War Is Not Over When It's Over by Ann Jones

Donald Trump, the Greatest Victim in the History of the World

Donald Trump grabbed a new lifeline. Speaking at a rally in Charlotte, North Carolina, on October 15th, he raised a hand as if to take an oath and declared: “I am a victim!” The great business tycoon, the one and only man who could fix America and make the place great again (trust me, folks), was laying claim to martyrdom — and spinning another news cycle. “I am a victim,” he declared, “of one of the great political smear campaigns in the history of our country. They are coming after me to try and destroy what is considered by even them the greatest movement in the history of our country.” “I am a victim.”  That pathetic line echoed in my head, which is why I’m writing this.  In my long life, I had seen a large white man stand up in a public arena and proclaim those words — the […]

War Is Not Over When It's Over by Ann Jones

Making America Pain-Free for Plutocrats and Big Pharma, But Not Vets

A friend of mine, a Vietnam vet, told me about a veteran of the Iraq War who, when some civilian said, “Thank you for your service,” replied: “I didn’t serve, I was used.” That got me thinking about the many ways today’s veterans are used, conned, and exploited by big gamers right here at home. Near the end of his invaluable book cataloguing the long, slow disaster of America’s War for the Greater Middle East, historian Andrew Bacevich writes: “Some individuals and institutions actually benefit from an armed conflict that drags on and on. Those benefits are immediate and tangible. They come in the form of profits, jobs, and campaign contributions.  For the military-industrial complex and its beneficiaries, perpetual war is not necessarily bad news.” Bacevich is certainly right about war profiteers, but I believe we haven’t yet fully wrapped our minds around what that truly means. This is what […]

War Is Not Over When It's Over by Ann Jones

Millions of Women See Through Him, Even If the Media Don’t

Last fall, when presidential wannabe Donald Trump famously boasted on CNN that he would “be the best thing that ever happened to women,” some may have fallen for it. Millions of women, however, reacted with laughter, irritation, disgust, and no little nausea.  For while the media generate a daily fog of Trumpisms, speculating upon the meaning and implications of the man’s every incoherent utterance, a great many women, schooled by experience, can see right through the petty tyrant and his nasty bag of tricks. By March, the often hard-earned wisdom of such women was reflected in a raft of public opinion polls in which an extraordinary number of female voters registered an “unfavorable” or “negative” impression of the Republican Party’s presumptive nominee.  Reporting on Trump’s “rock-bottom ratings” with prospective women voters, Politico termed the unfavorable poll numbers — 67% (Fox News), 67% (Quinnipiac University), 70% (NBC/Wall Street Journal), 73% (ABC/Washington […]

Or What Is It the Scandinavians Have That We Don’t?

[This is a joint TomDispatch/Nation article and appears in print in slightly shortened form in the new issue of the Nation magazine.] Some years ago, I faced up to the futility of reporting true things about America’s disastrous wars and so I left Afghanistan for another remote mountainous country far away. It was the polar opposite of Afghanistan: a peaceful, prosperous land where nearly everybody seemed to enjoy a good life, on the job and in the family. It’s true that they didn’t work much, not by American standards anyway. In the U.S., full-time salaried workers supposedly laboring 40 hours a week actually average 49, with almost 20% clocking more than 60. These people, on the other hand, worked only about 37 hours a week, when they weren’t away on long paid vacations. At the end of the work day, about four in the afternoon (perhaps three in the summer), […]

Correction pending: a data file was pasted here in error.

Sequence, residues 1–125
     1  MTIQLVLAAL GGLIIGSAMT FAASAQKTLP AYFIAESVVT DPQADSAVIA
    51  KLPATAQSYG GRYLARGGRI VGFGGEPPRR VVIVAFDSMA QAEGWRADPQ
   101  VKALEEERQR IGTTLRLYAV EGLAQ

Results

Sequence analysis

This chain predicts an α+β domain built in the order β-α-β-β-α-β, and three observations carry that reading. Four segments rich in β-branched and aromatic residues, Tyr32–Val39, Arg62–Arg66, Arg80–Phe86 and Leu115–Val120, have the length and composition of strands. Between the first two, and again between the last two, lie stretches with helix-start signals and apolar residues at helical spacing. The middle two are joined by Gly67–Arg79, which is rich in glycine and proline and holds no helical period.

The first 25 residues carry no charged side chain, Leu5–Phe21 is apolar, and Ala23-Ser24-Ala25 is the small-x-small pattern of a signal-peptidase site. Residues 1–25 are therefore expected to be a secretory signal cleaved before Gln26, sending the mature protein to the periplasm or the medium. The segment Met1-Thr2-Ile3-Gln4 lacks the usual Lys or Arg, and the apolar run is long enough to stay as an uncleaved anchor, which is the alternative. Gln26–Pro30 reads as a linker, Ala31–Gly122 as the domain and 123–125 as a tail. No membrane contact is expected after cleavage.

Once More Down the Rabbit Hole

Ten months ago, on December 28, 2014, a ceremony in Kabul officially marked the conclusion of America’s very long war in Afghanistan. President Obama called that day “a milestone for our country.” After more than 13 years, he said, “our combat mission in Afghanistan is ending, and the longest war in American history is coming to a responsible conclusion.” That was then. This is now. In between, on September 28, 2015, came another milestone: the Taliban takeover of Kunduz, the capital of the province of the same name in northern Afghanistan, and with a population of about 270,000, the country’s fifth-largest city. A few invaders strolled unopposed to the city center to raise the white flag of the Taliban.  Others went door to door, searching for Afghan women who worked for women’s organizations or the government. They looted homes, offices, and schools, stealing cars and smashing computers. They destroyed three radio stations run by […]

A "Martyr," a Murder, and the Making of a New Afghanistan?

I went to Kabul, Afghanistan, in March to see old friends.  By chance, I arrived the day after a woman had been beaten to death and burned by a mob of young men.  The world would soon come to know her name: Farkhunda.  The name means “auspicious” or “jubilant.”  She was killed in the very heart of the Afghan capital, at a popular shrine, the burial place of an unnamed ghazi, a warrior martyred for Islam. Years ago, I worked only a few doors away.  I knew the neighborhood well as a crossroads for travelers and traders, a market street beside the Kabul River, busy with peddlers, beggars, drug addicts, thieves, and pigeons.  It was always a dodgy neighborhood. Now, it had become a crime scene. In April, at the end of the traditional 40-day period of mourning for the dead woman, that crime scene became the stage for a reenactment of […]